Exposure

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Exposure

  1. 1. Exposure By Charlotte and Ellie
  2. 2. <ul><li>Our brains ache, in the merciless iced east winds that knife us ... Wearied we keep awake because the night is silent ... Low drooping flares confuse our memory of the salient ... Worried by silence, sentries whisper, curious, nervous, But nothing happens. Watching, we hear the mad gusts tugging on the wire. Like twitching agonies of men among its brambles. Northward incessantly, the flickering gunnery rumbles, Far off, like a dull rumour of some other war. What are we doing here? The poignant misery of dawn begins to grow ... We only know war lasts, rain soaks, and clouds sag stormy. Dawn massing in the east her melancholy army Attacks once more in ranks on shivering ranks of grey, But nothing happens. Sudden successive flights of bullets streak the silence. Less deadly than the air that shudders black with snow, With sidelong flowing flakes that flock, pause and renew, We watch them wandering up and down the wind's nonchalance, But nothing happens. </li></ul>
  3. 3. <ul><li>Pale flakes with lingering stealth come feeling for our faces-- We cringe in holes, back on forgotten dreams, and stare, snow-dazed, Deep into grassier ditches. So we drowse, sun-dozed, Littered with blossoms trickling where the blackbird fusses. Is it that we are dying? Slowly our ghosts drag home: glimpsing the sunk fires glozed With crusted dark-red jewels; crickets jingle there; For hours the innocent mice rejoice: the house is theirs; Shutters and doors all closed: on us the doors are closed-- We turn back to our dying. Since we believe not otherwise can kind fires burn; Now ever suns smile true on child, or field, or fruit. For God's invincible spring our love is made afraid; Therefore, not loath, we lie out here; therefore were born, For love of God seems dying. Tonight, His frost will fasten on this mud and us, Shrivelling many hands and puckering foreheads crisp. The burying-party, picks and shovels in their shaking grasp, Pause over half-known faces. All their eyes are ice, But nothing happens. </li></ul>
  4. 4. What is the the story of the Poem? <ul><li>The poem starts off with Owen sleeping in the night with his fellow soldiers but they are too scared to go to sleep. “Worried by silence, sentries whisper, curious, nervous,” </li></ul><ul><li>In the second stanza they are scared by the slight noises they hear around them like howling of the wind and rattling of wires. They miss interpret the noises for screams and wails in the night. “Watching, we hear the mad gusts tugging on the wire,” </li></ul><ul><li>Then in the third stanza it is </li></ul><ul><li>morning and the soldiers are </li></ul><ul><li>wondering what will happen that day. </li></ul><ul><li>“ Attacks once more in the ranks on </li></ul><ul><li>shivering ranks of grey, </li></ul><ul><li>But nothing happens.” </li></ul>
  5. 5. <ul><li>In the fourth stanza the soldiers hear bullet shots in the distance and think that they are going to be attacked soon. “Sudden successive flights of bullets streak the silence,” </li></ul><ul><li>In the fifth stanza the soldiers are hiding in trenches from the Germans. They feel so weak it is as if they are dying. “Deep into grassier </li></ul><ul><li>ditches. So we drowse, </li></ul><ul><li>sun-dozed, </li></ul><ul><li>Littered with blossoms </li></ul><ul><li>trickling where the blackbird </li></ul><ul><li>fusses, </li></ul><ul><li>-Is it that we are dying?” </li></ul>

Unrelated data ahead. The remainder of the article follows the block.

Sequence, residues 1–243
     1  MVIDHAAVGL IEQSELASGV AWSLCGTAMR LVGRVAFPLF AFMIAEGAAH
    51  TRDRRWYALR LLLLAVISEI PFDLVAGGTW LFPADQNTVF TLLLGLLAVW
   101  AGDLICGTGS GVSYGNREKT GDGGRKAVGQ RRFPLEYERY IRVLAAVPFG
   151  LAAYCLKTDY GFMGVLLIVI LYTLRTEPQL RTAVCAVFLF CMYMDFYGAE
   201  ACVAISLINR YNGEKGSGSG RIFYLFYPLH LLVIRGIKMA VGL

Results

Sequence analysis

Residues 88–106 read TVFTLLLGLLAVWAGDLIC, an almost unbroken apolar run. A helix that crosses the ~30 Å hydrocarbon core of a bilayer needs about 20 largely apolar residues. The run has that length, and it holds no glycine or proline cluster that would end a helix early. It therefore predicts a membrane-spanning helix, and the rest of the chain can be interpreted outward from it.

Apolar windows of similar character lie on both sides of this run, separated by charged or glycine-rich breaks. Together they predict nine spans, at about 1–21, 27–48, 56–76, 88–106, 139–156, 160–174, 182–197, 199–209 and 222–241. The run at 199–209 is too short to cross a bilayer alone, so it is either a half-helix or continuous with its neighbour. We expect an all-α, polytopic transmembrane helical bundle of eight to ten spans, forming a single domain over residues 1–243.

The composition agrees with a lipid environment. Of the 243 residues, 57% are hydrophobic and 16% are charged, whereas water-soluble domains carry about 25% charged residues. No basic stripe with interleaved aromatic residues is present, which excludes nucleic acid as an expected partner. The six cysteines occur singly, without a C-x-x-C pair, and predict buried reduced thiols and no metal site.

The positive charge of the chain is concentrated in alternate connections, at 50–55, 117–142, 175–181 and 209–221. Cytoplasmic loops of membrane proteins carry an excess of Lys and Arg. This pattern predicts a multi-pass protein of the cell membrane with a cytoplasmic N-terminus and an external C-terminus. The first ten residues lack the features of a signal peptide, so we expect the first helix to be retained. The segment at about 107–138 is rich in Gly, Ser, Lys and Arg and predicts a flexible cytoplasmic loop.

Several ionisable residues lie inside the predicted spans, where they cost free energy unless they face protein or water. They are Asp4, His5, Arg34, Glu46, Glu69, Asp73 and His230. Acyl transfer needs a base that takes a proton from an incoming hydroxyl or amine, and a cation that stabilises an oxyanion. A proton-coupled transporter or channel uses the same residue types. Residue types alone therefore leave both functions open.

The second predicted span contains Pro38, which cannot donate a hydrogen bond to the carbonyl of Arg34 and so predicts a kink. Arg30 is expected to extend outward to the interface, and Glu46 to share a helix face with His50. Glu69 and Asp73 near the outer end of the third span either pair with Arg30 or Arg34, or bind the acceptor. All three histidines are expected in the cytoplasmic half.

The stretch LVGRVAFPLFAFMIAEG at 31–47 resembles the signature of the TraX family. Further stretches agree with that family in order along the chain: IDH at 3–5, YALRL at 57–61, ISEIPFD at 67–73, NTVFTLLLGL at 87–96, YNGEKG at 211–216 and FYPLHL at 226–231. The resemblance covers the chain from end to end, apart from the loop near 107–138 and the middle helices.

6. 6. <ul><li>In the sixth stanza Owen portrays that the other soldiers are dying and that mice have started to take over their trenches. “For hours the innocent mice rejoice: the house is theirs;” </li></ul><ul><li>In the seventh stanza it seems that all hope is lost and he himself is dying and all hope is lost. “Therefore, not loath, we lie out here; therefore were born, </li></ul><ul><li>For love of God seems dying. </li></ul>
  7. 7. <ul><li>In the final stanza it has fallen night and the all the soldiers are dead. They are lying there still in the cold night and their faces are completely lifeless. </li></ul><ul><li>“ Tonight, His frost will fasten on this mud and us, Shrivelling many hands and puckering foreheads crisp. The burying-party, picks and shovels in their shaking grasp, Pause over half-known faces. All their eyes are ice, But nothing happens.” </li></ul>
  8. 8. What extreme conditions do the soldiers face? <ul><li>The atmosphere they are in is very extreme. The weather is obliterating. “[R]ain soaks, and clouds sag stormy.” This makes everything much worse for the soldiers as it is much harder for them in this weather. The weather not only shows the extreme conditions but could also be linked to the poets emotions the weather is very grotty and mysterious, this is pathetic fallacy in the sense that he does not know what's coming and feels very down and distressed. </li></ul>
  9. 9. What do the soldiers and the poet feel? <ul><li>They feel loneliness. </li></ul><ul><li>“ Worried by silence, sentries whisper; curious, nervous, </li></ul><ul><li>But nothing happens.” </li></ul><ul><li>Because although they are with others, in themselves they are alone as they are not with the ones they love and have to die this way. The poets also feels remorse for the soldiers loses </li></ul><ul><li>“ We turn back on our dying”. This may have been said in a guilt ridden way that they must continue without friends. The poet could have a guilty conscience that lives have been taken and left to rot. </li></ul>
  10. 10. How does the poet’s language show these feelings? <ul><li>The poet uses rhetorical questions to show he feels lonely “Is it that we are dying?” Obviously no one will respond to the question, however he sees asking questions as a comfort and that maybe someone else is listening and will help him through these tough times. </li></ul>

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